The long-awaited UK data transfer mechanism has been published by the Information Commissioner’s Office (ICO), resolving the question of how international transfers of personal data from the UK will be handled post-Brexit. As a refresher, the European Commission published four new versions of the EU standard contractual clauses (SCCs) in June 2021. However, these new 2021 SCCs did not apply to exports of personal data from the UK because the UK was no longer part of the EU This created quite the headache and doubled the paperwork for multinational companies, many of whom temporarily were forced to rely on using both the older 2010 SCCs reformatted by the UK ICO to be UK-centric, plus the new 2021 SCCs, which were required for all new contracts entered into after September 2021 involving transfers of EU personal data to most countries, including the United States.

The UK’s solution is the one hoped for – companies now need only add a UK-approved addendum to existing 2021 EU SCCs to govern UK data transfers to third countries not considered to provide “adequate” data protection. For UK-only personal data exports, the ICO has issued stand-alone SCCs, called the International Data Transfer Agreement (IDTA). Unlike the EU SCCs, which have four versions depending on the parties’ relationships, the UK’s IDTA is one lengthy document. While the IDTA won’t be finalized until March 21, 2022, it is expected to take effect without any revisions.

Companies who have already entered into the UK version of the 2010 SCCs can continue to rely on those SCCs for covered data transfers until March 21, 2024, as long as the data processing operations remain the same, and the exporter has adopted measures to address concerns raised in the European Court of Justice’s Schrems 2 decision in July 2020. That decision struck down one of the primary data transfer mechanisms, the EU-U.S. Privacy Shield, finding that laws in the U.S. that permitted government access to personal data of EU residents rendered the U.S. inadequate to protect such data. In November 2020, the European Data Protection Board issued guidance on what additional measures needed to be taken to attempt to address the concerns of the European court, including an analysis of the recipient country’s laws. That analysis made its way into the June 2021 SCCs in the form of a transfer impact assessment (TIA).

While it’s hard to keep up with the ever-changing rules, regulations, and guidance, companies can and should consider the following:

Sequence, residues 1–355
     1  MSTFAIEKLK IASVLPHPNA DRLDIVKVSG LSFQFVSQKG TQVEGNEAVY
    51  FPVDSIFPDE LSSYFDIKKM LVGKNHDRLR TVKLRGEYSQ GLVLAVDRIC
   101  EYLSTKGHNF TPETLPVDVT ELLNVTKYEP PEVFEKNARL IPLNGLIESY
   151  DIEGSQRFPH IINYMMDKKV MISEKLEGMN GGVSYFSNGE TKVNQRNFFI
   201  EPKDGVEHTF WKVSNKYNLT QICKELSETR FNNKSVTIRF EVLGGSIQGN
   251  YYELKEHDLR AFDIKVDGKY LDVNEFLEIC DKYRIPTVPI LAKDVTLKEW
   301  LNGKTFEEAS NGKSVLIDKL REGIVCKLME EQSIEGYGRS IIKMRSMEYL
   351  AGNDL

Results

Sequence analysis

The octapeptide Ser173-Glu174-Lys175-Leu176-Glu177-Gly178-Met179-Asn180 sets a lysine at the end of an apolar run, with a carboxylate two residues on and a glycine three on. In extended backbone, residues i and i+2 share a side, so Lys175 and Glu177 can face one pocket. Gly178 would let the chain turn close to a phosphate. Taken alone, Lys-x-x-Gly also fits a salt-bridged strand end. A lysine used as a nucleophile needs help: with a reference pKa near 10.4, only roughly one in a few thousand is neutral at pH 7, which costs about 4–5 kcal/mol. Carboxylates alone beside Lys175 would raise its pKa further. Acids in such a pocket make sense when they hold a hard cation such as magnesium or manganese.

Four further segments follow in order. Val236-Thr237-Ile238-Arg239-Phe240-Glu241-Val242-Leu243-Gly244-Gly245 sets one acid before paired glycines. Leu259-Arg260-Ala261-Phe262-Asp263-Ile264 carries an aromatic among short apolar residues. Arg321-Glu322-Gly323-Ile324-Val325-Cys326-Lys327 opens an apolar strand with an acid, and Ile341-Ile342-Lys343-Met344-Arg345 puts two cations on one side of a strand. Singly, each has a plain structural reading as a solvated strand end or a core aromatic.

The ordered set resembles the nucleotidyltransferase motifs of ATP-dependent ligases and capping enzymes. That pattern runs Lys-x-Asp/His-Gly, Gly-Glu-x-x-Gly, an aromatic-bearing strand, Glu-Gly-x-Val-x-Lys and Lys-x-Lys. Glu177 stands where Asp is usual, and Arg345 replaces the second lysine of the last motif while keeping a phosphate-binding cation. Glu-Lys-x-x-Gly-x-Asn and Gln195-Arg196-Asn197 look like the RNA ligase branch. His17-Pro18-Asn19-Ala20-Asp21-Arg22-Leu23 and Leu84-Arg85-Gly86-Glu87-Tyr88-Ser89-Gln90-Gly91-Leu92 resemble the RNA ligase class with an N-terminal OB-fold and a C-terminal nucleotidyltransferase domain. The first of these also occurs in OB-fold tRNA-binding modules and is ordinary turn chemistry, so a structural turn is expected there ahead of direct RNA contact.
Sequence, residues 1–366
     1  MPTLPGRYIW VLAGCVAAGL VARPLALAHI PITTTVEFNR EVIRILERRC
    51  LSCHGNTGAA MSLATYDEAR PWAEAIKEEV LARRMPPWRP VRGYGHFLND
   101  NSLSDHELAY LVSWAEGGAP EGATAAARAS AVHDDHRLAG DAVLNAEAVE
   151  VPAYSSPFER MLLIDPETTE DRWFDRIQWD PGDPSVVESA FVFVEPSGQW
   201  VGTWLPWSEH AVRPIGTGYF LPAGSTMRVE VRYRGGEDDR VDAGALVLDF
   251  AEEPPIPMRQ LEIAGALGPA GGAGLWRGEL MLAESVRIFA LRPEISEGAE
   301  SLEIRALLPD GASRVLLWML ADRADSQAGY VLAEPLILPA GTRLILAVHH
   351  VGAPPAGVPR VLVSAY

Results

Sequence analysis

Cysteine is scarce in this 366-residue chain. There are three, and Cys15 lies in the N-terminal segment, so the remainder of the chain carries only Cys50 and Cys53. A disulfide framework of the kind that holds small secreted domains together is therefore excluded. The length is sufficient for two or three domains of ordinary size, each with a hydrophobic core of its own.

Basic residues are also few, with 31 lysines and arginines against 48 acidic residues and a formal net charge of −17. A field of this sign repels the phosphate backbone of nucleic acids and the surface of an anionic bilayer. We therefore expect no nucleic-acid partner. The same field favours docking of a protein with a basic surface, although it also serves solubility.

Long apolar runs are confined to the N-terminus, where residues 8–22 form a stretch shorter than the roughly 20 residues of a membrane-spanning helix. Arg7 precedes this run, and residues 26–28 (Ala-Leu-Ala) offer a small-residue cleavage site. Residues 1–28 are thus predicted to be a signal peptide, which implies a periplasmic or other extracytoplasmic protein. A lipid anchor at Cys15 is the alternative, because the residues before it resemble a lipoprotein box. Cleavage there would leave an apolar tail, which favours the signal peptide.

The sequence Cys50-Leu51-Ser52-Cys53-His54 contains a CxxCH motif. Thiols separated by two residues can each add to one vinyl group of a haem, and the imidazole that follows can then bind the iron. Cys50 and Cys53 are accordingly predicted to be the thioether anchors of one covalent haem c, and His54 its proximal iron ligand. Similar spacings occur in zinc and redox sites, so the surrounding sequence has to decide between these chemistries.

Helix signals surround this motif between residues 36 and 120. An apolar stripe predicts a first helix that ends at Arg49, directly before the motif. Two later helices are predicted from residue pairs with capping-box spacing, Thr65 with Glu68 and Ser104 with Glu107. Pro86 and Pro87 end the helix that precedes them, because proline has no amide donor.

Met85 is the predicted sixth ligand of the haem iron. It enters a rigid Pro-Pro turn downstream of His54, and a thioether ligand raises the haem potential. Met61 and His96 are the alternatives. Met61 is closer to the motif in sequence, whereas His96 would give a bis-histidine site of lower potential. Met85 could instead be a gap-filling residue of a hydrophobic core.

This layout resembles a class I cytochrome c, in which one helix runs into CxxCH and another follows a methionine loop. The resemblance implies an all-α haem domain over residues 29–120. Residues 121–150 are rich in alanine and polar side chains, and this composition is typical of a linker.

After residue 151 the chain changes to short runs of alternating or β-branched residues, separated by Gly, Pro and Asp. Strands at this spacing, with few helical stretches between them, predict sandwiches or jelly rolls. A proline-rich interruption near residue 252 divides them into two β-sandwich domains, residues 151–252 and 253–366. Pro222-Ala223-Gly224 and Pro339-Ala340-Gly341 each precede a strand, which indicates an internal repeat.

1. For multinational companies, ensure your intracompany data transfer agreements (e.g., agreements from your EU and UK entities to your U.S. entity) are updated with the 2021 SCCs and the new UK addendum, or the IDTA, as appropriate.
  2. Conduct a TIA of the recipient country’s laws that would permit government and law enforcement access to personal data.
  3. Take measures to limit the amount of EU/UK personal data transferred and stored outside those jurisdictions to the minimum necessary.
  4. Implement a law enforcement request policy setting forth the way the U.S. entity will respond to subpoenas and warrants for personal data of individuals in the EU/UK to attempt to minimize the amount of data produced in response and provide notice to the EU/UK data subjects where feasible.
  5. Review your third party vendor agreements to determine if SCCs or the IDTA should be part of those agreements. If so, utilize the newer versions. Remember that large vendor may have issued form SCCs on their website which you can download and sign and append to your contracts.
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Photo of Jena M. Valdetero Jena M. Valdetero

Jena M. Valdetero serves as Co-Chair of the firm’s U.S. Data, Privacy and Cybersecurity Practice where she advises clients on complex data privacy and security issues. She has led more than 1,000 data breach investigations. A litigator by background, Jena defends companies against…

Jena M. Valdetero serves as Co-Chair of the firm’s U.S. Data, Privacy and Cybersecurity Practice where she advises clients on complex data privacy and security issues. She has led more than 1,000 data breach investigations. A litigator by background, Jena defends companies against privacy and data breach litigation, with an emphasis on class action lawsuits. She has designed and conducted dozens of data breach tabletop exercises to empower clients to respond effectively to a data security incident. She also counsels companies on data privacy and security compliance programs and advises on cyber risks associated with mergers and transactions. Jena also advises a diverse array of clients on compliance with existing and emerging privacy laws, including the General Data Protection Regulation (GDPR), the California Consumer Privacy Act (CCPA), the Gramm Leach Bliley Act (GLBA), and the Health Insurance Portability and Accountability Act (HIPAA). She is a certified privacy professional through the International Association of Privacy Professionals (CIPP/US), for which she is a former KnowledgeNet Co-Chair.
Jena is a passionate advocate of diversity and inclusion. She currently serves as a board member of the Chicago chapter of Women in Law Empowerment Forum.